Australia’s ambassador in Beijing has labelled China’s campaign of economic punishment against Australia “vindictive” as the diplomatic relationship between the two countries remains stuck in a rut.
On Thursday night, officials from the Department of Foreign Affairs and Trade confirmed that Australian trade with China had plummeted across almost all industries, with overall figures propped up largely by Beijing’s strong demand for iron ore.
In the past nine months, China’s government has targeted several Australian industries – including barley, coal, timber and lobsters – as it tries to force Canberra to give ground on a wide range of disputes.
No new sanctions have been unveiled in 2021, although the wine industry believes tariffs on Australian wine first introduced last year will be locked in – and possibly increased – within days.
On Thursday, Australia’s ambassador to China Graham Fletcher delivered a caustic assessment of China’s behaviour while speaking to Australian businesses via a video link from Beijing.
“I’m not sure China realises the damage that is occurring both in Australia and internationally,” Mr Fletcher told the Australian China Business Council.
“It’s been exposed as quite unreliable as a trading partner and even vindictive.”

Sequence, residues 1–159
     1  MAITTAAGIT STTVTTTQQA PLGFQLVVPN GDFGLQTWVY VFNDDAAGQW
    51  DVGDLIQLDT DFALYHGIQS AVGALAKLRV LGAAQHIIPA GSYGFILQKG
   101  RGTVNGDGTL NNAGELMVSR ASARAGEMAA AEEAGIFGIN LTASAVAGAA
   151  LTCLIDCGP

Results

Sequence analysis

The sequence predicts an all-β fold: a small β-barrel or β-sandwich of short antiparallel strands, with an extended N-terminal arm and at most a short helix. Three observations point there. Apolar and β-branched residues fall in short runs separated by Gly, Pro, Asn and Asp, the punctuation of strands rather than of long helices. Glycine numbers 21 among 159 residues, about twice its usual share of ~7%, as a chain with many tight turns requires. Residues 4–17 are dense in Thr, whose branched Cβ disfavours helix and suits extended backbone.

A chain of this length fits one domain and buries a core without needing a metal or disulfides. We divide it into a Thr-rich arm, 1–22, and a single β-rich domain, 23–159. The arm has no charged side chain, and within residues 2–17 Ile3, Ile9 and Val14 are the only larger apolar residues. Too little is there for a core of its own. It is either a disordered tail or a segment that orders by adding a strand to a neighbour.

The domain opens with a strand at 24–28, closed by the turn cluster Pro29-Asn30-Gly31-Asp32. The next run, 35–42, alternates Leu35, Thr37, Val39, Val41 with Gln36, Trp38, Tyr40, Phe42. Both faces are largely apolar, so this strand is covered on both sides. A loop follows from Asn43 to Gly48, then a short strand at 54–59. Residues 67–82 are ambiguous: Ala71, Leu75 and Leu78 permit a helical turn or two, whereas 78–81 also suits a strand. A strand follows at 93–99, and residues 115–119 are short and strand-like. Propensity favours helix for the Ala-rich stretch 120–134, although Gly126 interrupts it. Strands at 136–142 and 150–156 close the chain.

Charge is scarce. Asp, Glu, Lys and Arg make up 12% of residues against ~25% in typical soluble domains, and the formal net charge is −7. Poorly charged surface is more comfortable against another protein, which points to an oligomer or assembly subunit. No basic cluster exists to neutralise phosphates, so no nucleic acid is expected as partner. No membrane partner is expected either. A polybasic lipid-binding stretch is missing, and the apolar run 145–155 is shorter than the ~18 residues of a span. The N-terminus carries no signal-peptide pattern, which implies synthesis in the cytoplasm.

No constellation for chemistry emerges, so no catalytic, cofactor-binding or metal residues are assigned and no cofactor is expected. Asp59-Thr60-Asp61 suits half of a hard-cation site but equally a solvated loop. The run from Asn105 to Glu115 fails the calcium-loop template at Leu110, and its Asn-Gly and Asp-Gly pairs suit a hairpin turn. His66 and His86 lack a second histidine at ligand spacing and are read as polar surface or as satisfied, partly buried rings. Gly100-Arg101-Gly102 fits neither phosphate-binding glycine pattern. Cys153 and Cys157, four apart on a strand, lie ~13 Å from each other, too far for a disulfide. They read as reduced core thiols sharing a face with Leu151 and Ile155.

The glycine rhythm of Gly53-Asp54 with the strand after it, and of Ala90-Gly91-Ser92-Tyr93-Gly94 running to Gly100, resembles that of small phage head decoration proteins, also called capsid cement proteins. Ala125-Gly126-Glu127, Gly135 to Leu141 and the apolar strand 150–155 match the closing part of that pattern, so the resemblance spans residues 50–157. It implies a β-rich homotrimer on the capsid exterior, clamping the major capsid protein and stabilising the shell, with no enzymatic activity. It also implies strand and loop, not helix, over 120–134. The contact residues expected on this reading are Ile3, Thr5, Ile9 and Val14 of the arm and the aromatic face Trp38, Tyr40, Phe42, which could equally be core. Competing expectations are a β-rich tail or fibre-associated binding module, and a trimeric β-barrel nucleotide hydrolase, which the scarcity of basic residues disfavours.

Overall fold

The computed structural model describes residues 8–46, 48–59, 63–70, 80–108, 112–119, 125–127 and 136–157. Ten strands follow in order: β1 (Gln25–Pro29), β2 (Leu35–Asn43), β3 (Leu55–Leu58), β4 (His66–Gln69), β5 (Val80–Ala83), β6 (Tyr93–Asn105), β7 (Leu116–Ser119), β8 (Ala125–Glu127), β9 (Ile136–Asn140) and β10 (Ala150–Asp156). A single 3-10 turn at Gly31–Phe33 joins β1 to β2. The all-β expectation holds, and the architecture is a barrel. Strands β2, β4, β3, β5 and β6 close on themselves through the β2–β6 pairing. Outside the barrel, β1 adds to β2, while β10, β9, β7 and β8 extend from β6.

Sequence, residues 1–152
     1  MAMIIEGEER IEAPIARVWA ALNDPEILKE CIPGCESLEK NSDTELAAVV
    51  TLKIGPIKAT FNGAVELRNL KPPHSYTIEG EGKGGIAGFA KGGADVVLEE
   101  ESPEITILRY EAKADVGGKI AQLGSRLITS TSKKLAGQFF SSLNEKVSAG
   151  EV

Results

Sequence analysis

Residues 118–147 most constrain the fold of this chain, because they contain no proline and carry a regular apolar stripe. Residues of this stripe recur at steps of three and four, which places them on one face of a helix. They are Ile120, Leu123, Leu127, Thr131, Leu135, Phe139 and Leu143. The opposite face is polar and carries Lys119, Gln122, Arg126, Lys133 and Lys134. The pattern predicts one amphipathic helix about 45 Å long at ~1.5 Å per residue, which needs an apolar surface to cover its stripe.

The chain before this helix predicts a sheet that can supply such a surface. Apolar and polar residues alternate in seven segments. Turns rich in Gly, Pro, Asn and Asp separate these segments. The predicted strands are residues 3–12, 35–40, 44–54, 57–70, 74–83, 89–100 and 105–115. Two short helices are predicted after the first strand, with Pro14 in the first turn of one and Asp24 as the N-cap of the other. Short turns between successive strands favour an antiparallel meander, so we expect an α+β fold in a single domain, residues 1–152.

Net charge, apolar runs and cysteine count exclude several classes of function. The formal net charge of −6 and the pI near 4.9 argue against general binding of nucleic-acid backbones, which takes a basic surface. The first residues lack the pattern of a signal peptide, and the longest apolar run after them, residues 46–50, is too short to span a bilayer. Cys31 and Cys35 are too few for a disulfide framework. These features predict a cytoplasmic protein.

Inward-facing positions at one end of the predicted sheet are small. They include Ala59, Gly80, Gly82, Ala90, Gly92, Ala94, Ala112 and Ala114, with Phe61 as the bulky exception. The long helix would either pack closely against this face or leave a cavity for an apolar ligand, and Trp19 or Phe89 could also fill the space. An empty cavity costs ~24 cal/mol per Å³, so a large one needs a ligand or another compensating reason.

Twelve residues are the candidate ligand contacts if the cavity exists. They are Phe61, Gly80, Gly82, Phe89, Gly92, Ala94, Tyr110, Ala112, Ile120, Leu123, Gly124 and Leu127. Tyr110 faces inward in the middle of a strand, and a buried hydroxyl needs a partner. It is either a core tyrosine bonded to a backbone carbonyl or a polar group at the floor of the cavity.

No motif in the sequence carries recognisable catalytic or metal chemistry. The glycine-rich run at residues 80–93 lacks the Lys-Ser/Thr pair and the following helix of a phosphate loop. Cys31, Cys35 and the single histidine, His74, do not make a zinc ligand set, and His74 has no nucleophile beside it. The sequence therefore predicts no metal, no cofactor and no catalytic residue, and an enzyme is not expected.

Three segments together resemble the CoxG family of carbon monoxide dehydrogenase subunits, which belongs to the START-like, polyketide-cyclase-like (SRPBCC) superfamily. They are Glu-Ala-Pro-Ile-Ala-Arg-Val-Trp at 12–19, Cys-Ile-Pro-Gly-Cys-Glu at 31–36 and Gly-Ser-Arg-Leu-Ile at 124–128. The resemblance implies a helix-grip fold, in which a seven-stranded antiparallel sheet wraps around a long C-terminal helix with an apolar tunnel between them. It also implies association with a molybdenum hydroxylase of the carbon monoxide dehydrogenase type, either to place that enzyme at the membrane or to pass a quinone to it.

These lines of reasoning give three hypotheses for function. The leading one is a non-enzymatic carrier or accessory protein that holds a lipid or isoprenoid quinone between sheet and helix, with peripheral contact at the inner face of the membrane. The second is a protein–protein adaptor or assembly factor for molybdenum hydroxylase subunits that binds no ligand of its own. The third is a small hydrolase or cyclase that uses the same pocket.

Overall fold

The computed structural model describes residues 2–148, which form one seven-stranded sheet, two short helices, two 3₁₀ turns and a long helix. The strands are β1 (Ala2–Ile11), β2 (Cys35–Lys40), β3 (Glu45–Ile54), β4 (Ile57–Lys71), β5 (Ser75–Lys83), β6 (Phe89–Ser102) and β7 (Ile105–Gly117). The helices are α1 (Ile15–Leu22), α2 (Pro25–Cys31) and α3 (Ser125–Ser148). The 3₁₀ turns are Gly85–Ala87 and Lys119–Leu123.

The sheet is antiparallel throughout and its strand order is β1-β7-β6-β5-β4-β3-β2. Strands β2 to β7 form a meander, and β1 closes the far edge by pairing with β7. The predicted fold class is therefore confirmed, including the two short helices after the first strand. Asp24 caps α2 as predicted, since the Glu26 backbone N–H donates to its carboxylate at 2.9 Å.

The unusually blunt comments from Mr Fletcher were first reported by The Australian newspaper.
The ambassador also warned Australian businesses that rely too heavily on the Chinese market could be left exposed to campaigns of economic coercion directed by the government.
“You’ve just got to imagine that, unexpectedly, you may lose your China market for no good reason other than that Beijing has decided to send a message to Canberra,” he said.
“That’s a very unwelcome situation, but I think frankly that’s where we are at.”
He also said the escalating pattern of trade punishment had generated “sympathy” for Australia and hardened attitudes towards China around the globe.
“We hear a lot of sympathy and support quietly from a lot of countries you might not necessarily expect around the world who can see what’s going on, and say, ‘Look, we don’t want to live in a world either where China is behaving like this and is able to set the agenda’,” he said.
The comments came as top US leaders vow to intensify competition with Beijing in the wake of the acrimonious Anchorage meeting.
Overnight, US President Joe Biden said the contest between the two powers was symbolic of a larger issue – “autocracy or democracy, because that is what is at stake.”
“This is a battle between the utility of democracy in the 21st century and autocracies,” he said.
“We got to prove democracy works.”
US Secretary of State Antony Blinken also lashed China on Thursday, saying its “blatant economic coercion of Australia” was an example of the increasingly urgent threat posed by resurgent authoritarian regimes.